Bishop Joseph Williams preaches at Holy Spirit in St. Paul at the closing Mass of the Archdiocesan Synod Assembly June 5.
“They’re going to help create a new evangelization in this archdiocese,” Auxiliary Bishop Joseph Williams told parish leaders gathered June 24 at Guardian Angels in Oakdale for “Fueled by the Fire of Pentecost: We Held a Synod. Now What?” Several archdiocesan leaders, including Archbishop Bernard Hebda and Synod Assistant Director Father Joseph Bambenek, spoke at the event, which included Q&A, prayer and Mass.
Forming 12-member Synod Implementation Teams as a methodology “is not a program,” Bishop Williams said. Alluding to the Twelve Apostles, he added, “It’s the way of Christ. We have to be convinced that it works.
“We’re starting with a mustard seed, … the mustard seed of 12. That will then go out and invite more laborers, little by little,” he said.
The three-day Synod Assembly, held in St. Paul Pentecost weekend, was the culmination of a three-year process of discernment for the future of the archdiocese that began with large-scale Prayer and Listening Events, which helped lead to the Synod’s three focus areas: 1. Forming parishes that are in the service of evangelization, 2. Forming missionary disciples who know Jesus’ love and respond to his call, and 3. Forming youth and young adults in and for a Church that is always young.
In the fall of 2021, Catholics discussed those focus areas in a six-part, parish-based small-group series, which shaped how the focus areas were considered in the Synod Assembly. Following a daylong event with parish leaders in February or March, action ideas related to the focus areas were developed into 40 propositions that were discussed, discerned and voted on at the Synod Assembly. The results of the voting and written comments are expected to inform a pastoral letter Archbishop Hebda is writing and plans to release on or near the Feast of Christ the King Nov. 20. That letter will be followed by an action plan anticipated in early 2023.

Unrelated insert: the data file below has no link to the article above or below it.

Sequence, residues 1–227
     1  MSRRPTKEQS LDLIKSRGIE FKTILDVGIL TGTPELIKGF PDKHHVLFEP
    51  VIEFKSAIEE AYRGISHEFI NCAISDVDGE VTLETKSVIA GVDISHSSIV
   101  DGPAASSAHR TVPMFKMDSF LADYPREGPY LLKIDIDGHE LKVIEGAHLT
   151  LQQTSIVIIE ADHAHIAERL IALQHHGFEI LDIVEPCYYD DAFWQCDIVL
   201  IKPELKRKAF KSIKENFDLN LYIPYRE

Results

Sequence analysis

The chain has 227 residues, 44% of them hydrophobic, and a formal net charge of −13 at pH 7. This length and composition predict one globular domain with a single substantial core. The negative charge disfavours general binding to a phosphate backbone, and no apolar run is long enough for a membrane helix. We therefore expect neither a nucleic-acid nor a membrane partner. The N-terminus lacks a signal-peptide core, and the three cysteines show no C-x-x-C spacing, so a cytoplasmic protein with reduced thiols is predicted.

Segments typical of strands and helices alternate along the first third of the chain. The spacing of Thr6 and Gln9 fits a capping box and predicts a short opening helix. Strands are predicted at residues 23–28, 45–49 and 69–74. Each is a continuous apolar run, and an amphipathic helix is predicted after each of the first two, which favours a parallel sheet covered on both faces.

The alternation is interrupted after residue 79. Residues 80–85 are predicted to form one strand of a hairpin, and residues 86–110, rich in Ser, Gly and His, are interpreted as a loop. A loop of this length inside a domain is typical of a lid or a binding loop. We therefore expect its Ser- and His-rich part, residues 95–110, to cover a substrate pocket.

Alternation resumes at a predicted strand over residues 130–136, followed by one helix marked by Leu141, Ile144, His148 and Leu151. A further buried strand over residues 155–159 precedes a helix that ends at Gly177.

Before the pastoral letter is released, the archdiocese plans to implement an Office of Synod Implementation led by Father Michael Becker and Deacon Joe Michalak; an Archdiocesan Synod Implementation Team to assist Parish Synod Implementation Teams; an advisory council to advise the bishops and the Office of Synod Implementation on pastoral and theological matters; and vicars for evangelization to provide encouragement and accountability to parishes as they implement the Synod.
Pastors are expected to create their Parish Synod Implementation Teams in collaboration with their pastoral council and staff. Those teams should include ex officio members such as parochial vicars, deacons, school principals, religious education directors and parish council delegates. The teams are also expected to include parishioners and staff “distinguished by their proven charism of evangelization and/or potential to draw others to Christ,” according to an infographic outlining the timeline for Synod implementation.
The creation of the archdiocesan Synod office, parish teams and other roles is designed to help the archdiocese bring about the Synod’s intended changes, said Bishop Williams, who served as the Synod executive committee chairman following his episcopal ordination in January. What the structure aims to avoid, he said, is the need for a group of people to gather 10 years from now to “dream the same dreams and have the same hungers” because the work of the 2022 Archdiocesan Synod never came to fruition.
Bishop Williams made clear that the archdiocesan and parish teams, which he described as part of an “apostolic structure,” are the “how” of Synod implementation. The “what” that these teams will implement will not be known until Archbishop Hebda releases the pastoral letter, he said. But, he said, the teams ensure “that once the archbishop publishes this document, we’re ready to go with it. And we’re ready to implement that not just from above, but from below, in the parishes with your teams.”
He expects Synod implementation to be as diverse as the archdiocese’s parishes.
“While we’re going to propose there’s a relative uniformity in the mythology, there’s going to be great diversity in the expression, and that comes from you, the parish you know and love, with the vision of your pastor and the leadership teams that you already have in place,” he said. “It’s going to be your vision, your dreams that allowed this method to bear fruit in your parishes.”
Tags: 2022 Archdiocesan Synod Assembly, Bishop Williams, Parish Synod Implementation Teams, Synod Assembly
Category: Local News
If you enjoyed this article, subscribe to receive more just like it.
Gratitude, prayers after Synod Assembly
Digital Edition – June 16, 2022
Abria director: Abortion ruling ‘a step forward’
Prolife Across America director sobs with gratitude after Roe v. Wade overturn
Winona-Rochester, Minn., bishop retires; Bishop Barron is named successor
The dynamics of spiritual fatherhood
I am, therefore I am loved
The Holy Spirit fully alive
Feminine and modest: designing a better swimsuit